All That Heaven Allows

Summary

All That Heaven Allows is a 1955 American drama romance film directed by Douglas Sirk, produced by Ross Hunter, and adapted by Peg Fenwick from a story by Edna L. Lee and Harry Lee. It stars Jane Wyman and Rock Hudson in a tale about the social complications that arise following the development of a romance between a well-to-do widow and a younger man, who owns a tree nursery.

All That Heaven Allows
An illustration of a man wearing a red flannel shirt kisses a woman with a 1950s-style updo.
Theatrical release poster by Reynold Brown
Directed byDouglas Sirk
Screenplay byPeg Fenwick
Story byEdna L. Lee
Harry Lee
Produced byRoss Hunter
StarringJane Wyman
Rock Hudson
CinematographyRussell Metty
Edited byFrank Gross
Music byFrank Skinner
Color processTechnicolor
Production
company
Distributed byUniversal Pictures
Release dates
  • August 25, 1955 (1955-08-25) (London)
[2]
  • December 25, 1955 (1955-12-25) (United States)
Running time
89 minutes
CountryUnited States
LanguageEnglish
Box office$3.1 million (US)[3]

In 1995, the film was selected for preservation in the United States National Film Registry.[4]

PlotEdit

Cary Scott is an affluent widow in the town of Stoningham, in suburban New England, whose social life revolves around the weekend visits of her college-age son and daughter, her best friend's country-club activities, and a few men vying for her affection. Feeling stuck in a rut, she becomes interested in Ron Kirby, her arborist. He is an intelligent, down-to-earth, and respectful, yet passionate, younger man, and she discovers he is content with his simple life outside the materialistic society in which they live. Ron introduces Cary to his friends, who seem to have no need for wealth or status, and their exuberance provides a welcome contrast to her staid existence.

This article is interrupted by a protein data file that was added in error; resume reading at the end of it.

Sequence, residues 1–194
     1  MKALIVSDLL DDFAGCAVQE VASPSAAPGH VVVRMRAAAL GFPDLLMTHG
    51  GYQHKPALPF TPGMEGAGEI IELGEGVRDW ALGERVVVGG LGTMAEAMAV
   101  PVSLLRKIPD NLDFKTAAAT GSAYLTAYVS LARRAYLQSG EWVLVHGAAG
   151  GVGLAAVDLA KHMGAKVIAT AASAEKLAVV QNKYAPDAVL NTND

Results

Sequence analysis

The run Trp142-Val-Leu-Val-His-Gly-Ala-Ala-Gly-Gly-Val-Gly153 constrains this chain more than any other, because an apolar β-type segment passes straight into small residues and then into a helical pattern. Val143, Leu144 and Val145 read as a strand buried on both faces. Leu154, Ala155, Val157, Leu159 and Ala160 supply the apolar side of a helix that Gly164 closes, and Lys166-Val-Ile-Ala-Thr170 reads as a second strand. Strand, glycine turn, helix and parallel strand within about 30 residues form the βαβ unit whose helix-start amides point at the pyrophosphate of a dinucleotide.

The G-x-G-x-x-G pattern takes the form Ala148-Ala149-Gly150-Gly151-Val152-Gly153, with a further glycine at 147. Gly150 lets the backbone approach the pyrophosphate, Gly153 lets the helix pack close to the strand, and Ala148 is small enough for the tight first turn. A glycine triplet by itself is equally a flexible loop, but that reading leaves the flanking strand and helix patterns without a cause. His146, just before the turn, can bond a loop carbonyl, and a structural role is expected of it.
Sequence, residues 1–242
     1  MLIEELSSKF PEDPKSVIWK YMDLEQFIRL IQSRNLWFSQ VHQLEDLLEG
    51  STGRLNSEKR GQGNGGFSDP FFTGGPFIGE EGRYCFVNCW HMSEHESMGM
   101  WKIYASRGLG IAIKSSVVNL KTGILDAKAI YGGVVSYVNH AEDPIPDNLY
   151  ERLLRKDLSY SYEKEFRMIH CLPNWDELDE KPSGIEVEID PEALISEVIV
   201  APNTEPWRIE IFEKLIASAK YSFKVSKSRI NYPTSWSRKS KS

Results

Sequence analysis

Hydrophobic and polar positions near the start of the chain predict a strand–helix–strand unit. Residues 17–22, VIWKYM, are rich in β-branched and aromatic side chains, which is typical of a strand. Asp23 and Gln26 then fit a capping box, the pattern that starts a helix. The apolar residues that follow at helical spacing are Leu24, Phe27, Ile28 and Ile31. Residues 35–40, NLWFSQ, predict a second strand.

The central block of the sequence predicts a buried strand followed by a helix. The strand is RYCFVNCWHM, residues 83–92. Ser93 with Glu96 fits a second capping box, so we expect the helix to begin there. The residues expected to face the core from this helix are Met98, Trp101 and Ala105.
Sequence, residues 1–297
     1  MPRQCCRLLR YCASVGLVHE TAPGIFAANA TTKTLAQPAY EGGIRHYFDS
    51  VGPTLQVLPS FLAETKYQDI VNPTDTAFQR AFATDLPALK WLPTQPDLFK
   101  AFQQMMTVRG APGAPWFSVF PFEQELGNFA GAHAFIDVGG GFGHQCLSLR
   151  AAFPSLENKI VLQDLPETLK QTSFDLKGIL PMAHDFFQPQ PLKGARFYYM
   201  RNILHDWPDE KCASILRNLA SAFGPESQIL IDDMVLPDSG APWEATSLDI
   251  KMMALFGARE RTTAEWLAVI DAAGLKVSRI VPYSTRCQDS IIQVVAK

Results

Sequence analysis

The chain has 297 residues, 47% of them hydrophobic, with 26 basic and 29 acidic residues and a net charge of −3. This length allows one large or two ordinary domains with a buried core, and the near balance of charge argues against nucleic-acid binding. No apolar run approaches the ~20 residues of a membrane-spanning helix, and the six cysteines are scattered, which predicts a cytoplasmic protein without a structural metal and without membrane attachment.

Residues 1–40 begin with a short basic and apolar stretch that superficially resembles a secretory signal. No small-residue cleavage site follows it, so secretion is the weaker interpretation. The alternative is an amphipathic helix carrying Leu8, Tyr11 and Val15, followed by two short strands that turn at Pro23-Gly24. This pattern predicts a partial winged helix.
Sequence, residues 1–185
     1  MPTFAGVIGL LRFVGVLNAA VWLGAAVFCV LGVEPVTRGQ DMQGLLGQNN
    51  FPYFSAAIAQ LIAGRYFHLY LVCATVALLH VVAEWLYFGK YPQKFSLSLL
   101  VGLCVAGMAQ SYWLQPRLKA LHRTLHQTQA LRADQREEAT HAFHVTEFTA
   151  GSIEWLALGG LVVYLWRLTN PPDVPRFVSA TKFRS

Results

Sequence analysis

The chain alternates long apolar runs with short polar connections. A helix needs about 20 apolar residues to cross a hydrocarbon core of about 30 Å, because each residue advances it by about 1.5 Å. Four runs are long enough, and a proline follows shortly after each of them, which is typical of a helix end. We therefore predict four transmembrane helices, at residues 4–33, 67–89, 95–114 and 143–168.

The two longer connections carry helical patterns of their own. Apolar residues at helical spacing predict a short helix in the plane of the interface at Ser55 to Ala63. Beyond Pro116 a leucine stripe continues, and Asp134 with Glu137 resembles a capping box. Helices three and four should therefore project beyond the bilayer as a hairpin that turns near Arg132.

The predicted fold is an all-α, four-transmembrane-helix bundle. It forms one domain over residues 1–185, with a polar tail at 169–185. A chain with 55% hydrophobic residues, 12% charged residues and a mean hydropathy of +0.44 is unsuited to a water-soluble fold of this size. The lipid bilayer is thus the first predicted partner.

Ron and Cary fall in love, and Ron proposes. Cary accepts, but she has concerns about the viability of their relationship, due to their different ages, classes, and lifestyles. These concerns are magnified when she tells her children and friends about the engagement and is met with a solid wall of disapproval, and, eventually, she breaks up with Ron. Particularly influential in her change of mind are her children's protestations against Cary's plan to sell the family home and move to Ron's tree nursery, as they will not want to visit her there.

After spending most of the Christmas season alone, Cary misses her life with Ron, but she thinks she has missed her opportunity for happiness because she mistakenly believes Ron is seeing another woman. On Christmas, her daughter announces she will be getting married soon and her son says that, since he is likely going to study abroad and then work overseas, they should start thinking about selling their house, which is too big for just Cary. She is overwhelmed by how pointless her sacrifice was, and her spirits are not lifted when her children give her a television set to fill her empty life.

Cary goes to see a doctor about recurrent headaches she has started having, and he suggests they are being caused by her body punishing her for ending her relationship with Ron. Leaving the appointment, she runs into one of Ron's friends, and in the course of their conversation she learns that Ron is still single. She goes to his property, but then changes her mind and leaves. Ron sees her from a precipice and excitedly, though unsuccessfully, tries to get her attention. The ground collapses out from under him, and he falls off the cliff.

That night, Ron's friend tells Cary about the accident, and she hurries over to his house. She decides she no longer wants to allow other people to dictate how she lives her life and settles in to nurse Ron back to health. When Ron regains consciousness, Cary tells him that she has come home.